However, in order to meet the ‘genuine access’ component of the financial requirement, the applicant may need to provide evidence of the relationship to the applicant of the person providing the funds. Decision makers may also seek evidence of the currency of employment/asset ownership generating the personal income, particularly if there are concerns with the age of the records, or information available to the decision maker to indicate there may have been a change in circumstances (for example significant economic downturn in a country, or specific intelligence about an applicant).

Additional scrutiny may also be appropriate if the amount of personal income demonstrated is equal to the amount required, suggesting that the funds have been generated specifically to meet visa requirements.

Genuine access – Money deposit

Money deposits held by the applicant, the applicant’s spouse/de facto partner or the applicant’s parents would generally satisfy the genuine access requirement.

Funds that are not committed to the applicant are less likely to be available to the applicant for the purpose of financially supporting the applicant in Australia. For example, if several family members and/or third parties are contributing to the applicant’s stay in Australia, the money is less likely to be available to the applicant in Australia than if the money is in the applicant’s own name (or the name of their spouse/de facto partner /parent, as relevant).

An example of a situation in which an applicant would reasonably be expected to have access to funds in Australia in circumstances where the money deposit is in another person’s name, is where the applicant will live with a relative in Australia and the relative will provide for all (or some) costs and expenses while in Australia. For example, the relative will provide for all living costs, but the student’s parents will fund, for example, course fees.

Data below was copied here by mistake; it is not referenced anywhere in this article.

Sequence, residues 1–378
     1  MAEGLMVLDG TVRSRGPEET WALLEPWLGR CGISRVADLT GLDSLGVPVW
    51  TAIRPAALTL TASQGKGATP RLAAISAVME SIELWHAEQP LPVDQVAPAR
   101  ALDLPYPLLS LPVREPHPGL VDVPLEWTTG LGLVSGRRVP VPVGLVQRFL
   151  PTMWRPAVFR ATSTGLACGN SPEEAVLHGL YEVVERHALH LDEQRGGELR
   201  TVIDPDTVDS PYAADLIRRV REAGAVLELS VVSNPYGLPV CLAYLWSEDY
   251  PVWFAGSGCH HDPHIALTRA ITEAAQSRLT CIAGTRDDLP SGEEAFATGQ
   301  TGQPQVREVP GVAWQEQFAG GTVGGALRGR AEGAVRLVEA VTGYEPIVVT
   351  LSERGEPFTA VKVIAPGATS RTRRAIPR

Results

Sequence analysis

Consideration should be given to eight factors:

• whether the account is held in the applicant’s name
• the relationship of third parties to the applicant and the account holder (for example, are they a relative)
• whether the money is a lump sum payment in an account (even if held by the applicant or their spouse/de facto partner /parent) or is there a savings history to accumulate the funds (this should include where third party ‘donations’ or ‘loans’ have come from
• how long the money has been in the account
• where the account is held (for example, held in Australia, or whether held in a country from which large money deposits cannot be transferred internationally)
• if the money deposit is held outside Australia, whether there is evidence that the exchange control regulations of the country permit the remittance of funds for study and where necessary whether evidence of requisite approval is available
• the applicant’s age
• the family’s individual circumstances.

If a business account is presented as evidence of financial capacity, decision makers must be satisfied that those funds will be for the use of the student while the student is in Australia.

(Note: If financial support is being provided by a business, it is the business (and not the individuals within the business) that provides the support. Unless the persons who have the authority to commit the business are identified and appropriate documentation is obtained, genuine access to the funds cannot be established.)

In these circumstances, the business should be able to transfer the funds that it wishes to commit towards the student into an account (current, savings or term deposit) in the name of the student or the person providing the financial support. The applicant may be asked to provide evidence that the source of funds was the business.

Where funds have been transferred into an acceptable financial institution but have come from another source, supporting documents should show that the student has genuine access to these funds. For example:
• evidence of income or transfers from another institution/account, with further scrutiny where the record of transfer from the other institution or account is not generally reliable.
• when the money in provident funds is deposited into an account with an acceptable financial institution and the applicant has unrestricted access, evidence of the provident fund terms, withdrawal and amendment to fund account.
• similarly, funds transferred from an account at an institution that is the usual bank of the student or sponsor (such as a post office account) to a financial institution on the approved list can be supported by the account history. Where this shows that a wage has been credited into the account, this can be supported by evidence of employment.

Genuine access – Loans from financial institutions (including credit cards)